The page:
Downsizing

It is a good idea to think about de-cluttering or downsizing so a move later on will be easier. Talk with your loved one about what items are most important to them, and what items can be given away or sold.  Downsizing now will mean less to organize and transport when the time comes to move to a smaller space.   De-cluttering should begin months ahead of a move.

If you are able to get a floor plan of the new home, or to take measurements of each room, it may help to draw where larger pieces of furniture will be placed.  It may avoid the disappointment of finding that a prized item will not fit on moving day.

Surplus household items such as bed/bath linens, dishes and utensils, small appliances or lamps may be donated.  The SPCA or sheltered workshop New-To-You store, Value Village, or St. Vincent de Paul Society or other non-profit organizations.  Clothing and footwear can be taken to the New-To-You or dropped off in a Red Cross collection bin or Diabetes Canada Drop Box.

If moving to assisted living where meals are provided, donated non-perishable food can go to the local Food Bank.  Be sure to dispose of stale-dated food responsibly by composting waste food and recycling packaging.

There are a few resources that may help you get organized with these tasks.  Downsizing a Home: A Checklist for Caregivers is a comprehensive, step-by-step guide to help you through this undertaking.  We also have a shorter article on downsizing on page 7 of the 2014 Spring/Summer issue of our newsletter The Beacon.

In some households, hoarding is a serious issue.  To learn more about this mental health disorder, please see Hoarding: The Basics or the article on Hoarding on page 5 of the Fall/Winter 2016 issue of our newsletter.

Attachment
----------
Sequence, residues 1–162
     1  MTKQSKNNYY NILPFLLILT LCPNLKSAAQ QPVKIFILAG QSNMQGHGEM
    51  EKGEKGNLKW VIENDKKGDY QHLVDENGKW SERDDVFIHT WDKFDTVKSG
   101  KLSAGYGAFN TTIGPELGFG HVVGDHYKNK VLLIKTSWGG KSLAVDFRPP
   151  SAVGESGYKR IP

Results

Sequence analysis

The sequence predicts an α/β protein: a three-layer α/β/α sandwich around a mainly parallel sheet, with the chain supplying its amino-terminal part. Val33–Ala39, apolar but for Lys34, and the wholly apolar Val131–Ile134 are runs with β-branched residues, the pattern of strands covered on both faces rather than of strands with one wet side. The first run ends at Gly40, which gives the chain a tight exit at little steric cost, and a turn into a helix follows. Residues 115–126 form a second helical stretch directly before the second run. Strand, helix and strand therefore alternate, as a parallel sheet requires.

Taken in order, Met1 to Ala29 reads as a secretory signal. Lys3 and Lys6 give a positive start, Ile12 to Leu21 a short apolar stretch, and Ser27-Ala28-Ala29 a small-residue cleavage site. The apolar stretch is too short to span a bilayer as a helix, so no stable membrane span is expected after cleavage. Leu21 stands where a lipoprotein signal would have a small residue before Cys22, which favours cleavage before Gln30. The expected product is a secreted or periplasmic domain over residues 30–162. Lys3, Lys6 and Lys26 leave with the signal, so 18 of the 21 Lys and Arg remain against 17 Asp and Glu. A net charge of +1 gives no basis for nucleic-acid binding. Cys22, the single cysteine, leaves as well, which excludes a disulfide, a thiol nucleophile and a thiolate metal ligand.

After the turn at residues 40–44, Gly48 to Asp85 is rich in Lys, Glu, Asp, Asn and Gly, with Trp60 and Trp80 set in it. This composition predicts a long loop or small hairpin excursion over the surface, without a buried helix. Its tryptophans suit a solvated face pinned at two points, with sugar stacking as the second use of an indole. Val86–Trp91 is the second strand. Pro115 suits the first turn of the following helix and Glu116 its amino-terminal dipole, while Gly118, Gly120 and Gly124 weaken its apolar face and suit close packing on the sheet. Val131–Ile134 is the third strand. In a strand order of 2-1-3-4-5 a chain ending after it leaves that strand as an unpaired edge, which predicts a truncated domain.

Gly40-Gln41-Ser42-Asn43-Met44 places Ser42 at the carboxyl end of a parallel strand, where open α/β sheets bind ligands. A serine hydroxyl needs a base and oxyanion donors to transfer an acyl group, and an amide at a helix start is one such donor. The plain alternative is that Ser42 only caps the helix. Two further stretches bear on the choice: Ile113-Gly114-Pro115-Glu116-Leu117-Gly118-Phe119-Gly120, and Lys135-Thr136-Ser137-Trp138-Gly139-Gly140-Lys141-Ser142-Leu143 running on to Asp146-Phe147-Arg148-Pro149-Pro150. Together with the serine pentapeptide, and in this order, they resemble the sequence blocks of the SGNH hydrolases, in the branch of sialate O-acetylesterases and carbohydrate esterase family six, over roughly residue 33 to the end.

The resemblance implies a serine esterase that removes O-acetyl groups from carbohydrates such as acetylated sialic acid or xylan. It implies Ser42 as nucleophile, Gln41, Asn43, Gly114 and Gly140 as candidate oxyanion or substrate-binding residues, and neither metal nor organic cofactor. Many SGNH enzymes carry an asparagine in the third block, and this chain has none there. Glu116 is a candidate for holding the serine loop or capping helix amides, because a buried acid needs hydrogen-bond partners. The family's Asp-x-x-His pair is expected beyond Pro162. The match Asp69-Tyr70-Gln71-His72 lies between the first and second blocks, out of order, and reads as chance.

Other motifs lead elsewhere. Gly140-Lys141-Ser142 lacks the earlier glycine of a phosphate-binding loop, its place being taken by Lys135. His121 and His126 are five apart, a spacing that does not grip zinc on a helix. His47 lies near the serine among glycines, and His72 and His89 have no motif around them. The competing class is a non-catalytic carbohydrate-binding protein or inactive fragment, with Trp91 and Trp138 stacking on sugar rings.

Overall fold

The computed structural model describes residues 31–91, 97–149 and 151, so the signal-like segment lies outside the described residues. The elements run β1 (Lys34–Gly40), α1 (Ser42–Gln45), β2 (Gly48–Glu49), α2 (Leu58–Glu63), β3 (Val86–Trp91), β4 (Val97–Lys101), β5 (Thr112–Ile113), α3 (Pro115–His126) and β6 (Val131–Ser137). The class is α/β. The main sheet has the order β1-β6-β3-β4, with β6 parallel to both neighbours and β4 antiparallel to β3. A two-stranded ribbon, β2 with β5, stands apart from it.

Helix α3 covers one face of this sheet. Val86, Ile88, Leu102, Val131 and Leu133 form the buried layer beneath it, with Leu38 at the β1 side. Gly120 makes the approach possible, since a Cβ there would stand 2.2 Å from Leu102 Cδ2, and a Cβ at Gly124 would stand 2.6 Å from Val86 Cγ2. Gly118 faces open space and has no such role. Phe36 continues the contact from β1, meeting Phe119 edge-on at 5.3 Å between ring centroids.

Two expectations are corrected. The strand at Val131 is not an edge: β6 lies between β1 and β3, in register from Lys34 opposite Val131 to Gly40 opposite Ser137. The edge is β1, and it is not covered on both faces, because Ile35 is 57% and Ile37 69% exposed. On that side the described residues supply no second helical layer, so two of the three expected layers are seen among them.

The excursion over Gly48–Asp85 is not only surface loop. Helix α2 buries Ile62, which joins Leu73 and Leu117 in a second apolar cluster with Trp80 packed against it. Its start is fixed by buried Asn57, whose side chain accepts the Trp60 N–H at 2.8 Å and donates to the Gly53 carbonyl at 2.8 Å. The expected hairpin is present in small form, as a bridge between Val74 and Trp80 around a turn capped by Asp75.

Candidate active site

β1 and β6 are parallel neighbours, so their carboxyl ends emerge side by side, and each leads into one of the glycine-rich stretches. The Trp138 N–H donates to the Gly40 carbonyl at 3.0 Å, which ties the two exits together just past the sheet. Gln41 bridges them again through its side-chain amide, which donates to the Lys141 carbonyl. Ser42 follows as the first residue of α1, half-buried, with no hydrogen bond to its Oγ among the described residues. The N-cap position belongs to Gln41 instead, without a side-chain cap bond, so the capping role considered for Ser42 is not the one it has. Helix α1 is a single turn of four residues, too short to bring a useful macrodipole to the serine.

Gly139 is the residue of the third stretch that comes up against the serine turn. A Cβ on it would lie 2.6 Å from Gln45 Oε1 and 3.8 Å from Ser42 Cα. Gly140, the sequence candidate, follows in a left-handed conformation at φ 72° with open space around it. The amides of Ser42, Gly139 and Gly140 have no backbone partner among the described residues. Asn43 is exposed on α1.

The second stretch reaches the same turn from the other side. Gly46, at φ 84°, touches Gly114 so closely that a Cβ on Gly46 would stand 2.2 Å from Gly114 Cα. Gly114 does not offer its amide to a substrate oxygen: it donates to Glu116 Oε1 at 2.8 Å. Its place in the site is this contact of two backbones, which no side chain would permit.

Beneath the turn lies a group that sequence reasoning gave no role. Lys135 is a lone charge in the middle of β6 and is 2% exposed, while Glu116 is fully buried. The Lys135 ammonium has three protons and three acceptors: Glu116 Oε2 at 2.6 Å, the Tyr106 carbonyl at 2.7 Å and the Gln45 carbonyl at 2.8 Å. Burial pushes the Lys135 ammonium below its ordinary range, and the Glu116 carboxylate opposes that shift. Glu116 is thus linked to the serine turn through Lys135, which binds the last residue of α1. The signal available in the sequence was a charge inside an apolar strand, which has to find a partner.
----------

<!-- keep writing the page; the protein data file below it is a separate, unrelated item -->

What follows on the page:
Also on the Caregivers Nova Scotia website, you will find a list of companies that specialize in organizing and downsizing.  Check out our Home Care & Other Services page to find one near you.

Caregiver Tips

Downsizing can be a very physical task – sorting, lifting, hauling – but many caregivers have reported that the emotional strain of helping their loved one downsize is far more taxing.  As much as it has been discussed and planned, the act of distributing or disposing of your loved one’s belongings is difficult.  It may be sad and frustrating all at the same time.  It tangibly marks the passage of time and even the caregiver who is clinging to denial will be shaken by this exercise.

It is difficult to acknowledge that your loved one is aging, to say goodbye to your childhood home perhaps, or beloved items. Here is a 30-minute meditation that may help you with letting go and getting through this transition.